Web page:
New nuke reactor will worsen toxic waste problem

February 2, 2007

The announcement on January 30 that Australia's first nuclear reactor was to be decommissioned sounded good. But residents and activists hoping for an end to the nuclear industry will be disappointed to hear that this is not the end of Australia's nuclear experimentation. The old HIFAR reactor, Australia's only multi-purpose research reactor, has been superseded by another reactor in the same suburb of Lucas Heights.

During the 50 years the Lucas Heights reactor has been in operation, highly toxic and dangerous nuclear waste has been transported through Sydney suburbs by truck and then shipped to nuclear waste storage facilities in Scotland and France.

Residents in Sydney have long been opposed to the reactor and the transportation of dangerous waste through residential suburbs. Lucas Heights has been so closely associated with the reactor that the residential part of the suburb now goes by the name of Bardon Ridge.

The new reactor will continue to produce waste that will then be transported through Sydney before being shipped overseas. The further the waste must be taken, the greater the risks associated with spillages through accidents or criminal or terrorist activity. The old reactor has even more problems.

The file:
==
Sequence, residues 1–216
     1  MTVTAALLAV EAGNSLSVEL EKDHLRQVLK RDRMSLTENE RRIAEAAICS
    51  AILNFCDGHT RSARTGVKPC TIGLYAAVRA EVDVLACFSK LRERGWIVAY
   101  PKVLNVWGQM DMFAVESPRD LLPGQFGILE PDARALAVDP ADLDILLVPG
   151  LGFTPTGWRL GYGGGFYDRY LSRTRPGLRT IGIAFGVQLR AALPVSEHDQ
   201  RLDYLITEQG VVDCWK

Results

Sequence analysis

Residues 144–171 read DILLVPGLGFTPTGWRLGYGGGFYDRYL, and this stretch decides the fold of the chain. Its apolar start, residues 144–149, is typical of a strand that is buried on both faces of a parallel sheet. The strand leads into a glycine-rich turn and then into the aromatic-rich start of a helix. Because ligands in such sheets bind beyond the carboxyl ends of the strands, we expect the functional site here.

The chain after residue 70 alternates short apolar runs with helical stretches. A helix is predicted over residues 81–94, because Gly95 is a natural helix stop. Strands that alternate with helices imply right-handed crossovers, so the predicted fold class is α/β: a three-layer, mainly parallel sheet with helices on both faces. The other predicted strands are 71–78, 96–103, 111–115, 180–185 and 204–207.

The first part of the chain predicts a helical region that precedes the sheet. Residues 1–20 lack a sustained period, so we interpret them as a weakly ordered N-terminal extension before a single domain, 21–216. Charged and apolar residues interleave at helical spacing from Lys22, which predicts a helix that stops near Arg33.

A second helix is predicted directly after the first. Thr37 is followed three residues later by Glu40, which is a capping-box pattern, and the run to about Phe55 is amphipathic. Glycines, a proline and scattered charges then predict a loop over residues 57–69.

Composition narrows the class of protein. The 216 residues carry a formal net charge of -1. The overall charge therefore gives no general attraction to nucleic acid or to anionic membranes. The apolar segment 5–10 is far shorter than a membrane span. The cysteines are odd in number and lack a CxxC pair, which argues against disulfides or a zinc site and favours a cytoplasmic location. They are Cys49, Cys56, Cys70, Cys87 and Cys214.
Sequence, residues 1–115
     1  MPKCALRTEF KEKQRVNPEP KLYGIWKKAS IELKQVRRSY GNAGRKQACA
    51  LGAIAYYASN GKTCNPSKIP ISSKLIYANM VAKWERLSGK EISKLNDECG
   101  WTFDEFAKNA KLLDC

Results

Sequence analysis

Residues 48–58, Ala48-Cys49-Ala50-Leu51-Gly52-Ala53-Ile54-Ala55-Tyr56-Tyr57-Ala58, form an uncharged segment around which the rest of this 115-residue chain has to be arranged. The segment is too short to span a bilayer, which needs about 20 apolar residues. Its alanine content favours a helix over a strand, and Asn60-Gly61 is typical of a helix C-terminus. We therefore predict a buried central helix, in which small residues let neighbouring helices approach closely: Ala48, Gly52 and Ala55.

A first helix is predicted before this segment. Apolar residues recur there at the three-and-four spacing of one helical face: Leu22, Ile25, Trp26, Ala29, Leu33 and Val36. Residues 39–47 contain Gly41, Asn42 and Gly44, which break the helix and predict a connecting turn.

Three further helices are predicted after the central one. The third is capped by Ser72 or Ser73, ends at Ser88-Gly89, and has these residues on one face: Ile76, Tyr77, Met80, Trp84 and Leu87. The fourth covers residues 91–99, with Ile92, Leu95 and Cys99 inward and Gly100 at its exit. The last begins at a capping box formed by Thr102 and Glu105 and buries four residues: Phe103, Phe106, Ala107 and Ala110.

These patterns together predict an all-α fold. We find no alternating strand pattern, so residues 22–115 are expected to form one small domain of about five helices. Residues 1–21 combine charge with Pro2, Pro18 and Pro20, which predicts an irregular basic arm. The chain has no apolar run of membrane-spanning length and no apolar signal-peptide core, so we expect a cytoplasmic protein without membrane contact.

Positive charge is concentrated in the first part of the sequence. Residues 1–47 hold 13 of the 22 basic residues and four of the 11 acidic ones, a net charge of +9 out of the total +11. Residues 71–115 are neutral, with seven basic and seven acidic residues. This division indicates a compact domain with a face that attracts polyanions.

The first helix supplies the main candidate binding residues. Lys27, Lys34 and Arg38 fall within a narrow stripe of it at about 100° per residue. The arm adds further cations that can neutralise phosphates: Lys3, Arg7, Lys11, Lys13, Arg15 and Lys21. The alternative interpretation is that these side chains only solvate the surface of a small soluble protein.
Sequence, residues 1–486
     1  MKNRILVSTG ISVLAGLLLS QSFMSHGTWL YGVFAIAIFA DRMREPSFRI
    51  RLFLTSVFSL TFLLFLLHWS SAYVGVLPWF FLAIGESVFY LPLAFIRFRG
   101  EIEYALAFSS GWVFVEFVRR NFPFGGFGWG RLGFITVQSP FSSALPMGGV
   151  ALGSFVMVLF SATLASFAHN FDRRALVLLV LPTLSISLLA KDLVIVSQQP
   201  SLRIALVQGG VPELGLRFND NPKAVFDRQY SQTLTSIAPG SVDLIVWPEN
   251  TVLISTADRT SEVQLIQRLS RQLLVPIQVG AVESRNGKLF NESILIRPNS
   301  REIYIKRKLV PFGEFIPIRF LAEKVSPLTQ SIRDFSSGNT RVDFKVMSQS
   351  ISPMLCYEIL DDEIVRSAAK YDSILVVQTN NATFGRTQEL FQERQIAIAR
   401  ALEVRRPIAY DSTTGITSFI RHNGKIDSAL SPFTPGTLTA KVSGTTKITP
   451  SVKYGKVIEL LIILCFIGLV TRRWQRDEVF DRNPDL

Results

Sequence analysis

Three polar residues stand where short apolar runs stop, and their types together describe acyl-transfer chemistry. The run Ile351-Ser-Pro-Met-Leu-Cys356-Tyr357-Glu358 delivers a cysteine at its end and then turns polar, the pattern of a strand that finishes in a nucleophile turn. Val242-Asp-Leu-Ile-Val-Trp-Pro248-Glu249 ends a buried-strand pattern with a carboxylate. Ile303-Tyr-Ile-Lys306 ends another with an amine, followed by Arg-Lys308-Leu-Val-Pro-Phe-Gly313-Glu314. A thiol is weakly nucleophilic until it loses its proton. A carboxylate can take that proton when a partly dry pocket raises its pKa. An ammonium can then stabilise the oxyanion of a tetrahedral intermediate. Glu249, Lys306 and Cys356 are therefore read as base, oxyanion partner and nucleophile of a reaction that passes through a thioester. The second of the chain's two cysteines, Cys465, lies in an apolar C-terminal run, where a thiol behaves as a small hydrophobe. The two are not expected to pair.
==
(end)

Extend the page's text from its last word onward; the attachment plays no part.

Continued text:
According to Dave Sweeney, an anti-nuclear campaigner with the Australian Conservation Foundation (ACF), the radioactive waste produced by the HIFAR reactor "will continue to be a direct threat to people and the environment for thousands of years to come".

To fully decommission the old Lucas Heights site, radioactive fuels and machinery needs to be left to "cool down" for 10 years before it becomes possible to transport and remove. After 10 years, the dangerous nuclear material will have to be stored somewhere. The Howard government is now using the need to find a repository for the waste as an excuse to bolster support for an international commercial nuclear waste dump in the Northern Territory.

The ACF has called on Canberra to keep the waste at the Lucas Heights facility where the technical expertise and equipment are already available to deal with it. It also said that plans for a new reactor or a waste dump anywhere in Australia should be scrapped.

"A new nuclear facility in the suburbs of our largest city cannot be — and has not been — justified in the current security environment", Sweeney said. "Shutting down [the Lucas Heights reactor] should be the start of Australia getting out of the contaminating nuclear trade, and not a signal to go further down that tired toxic path."

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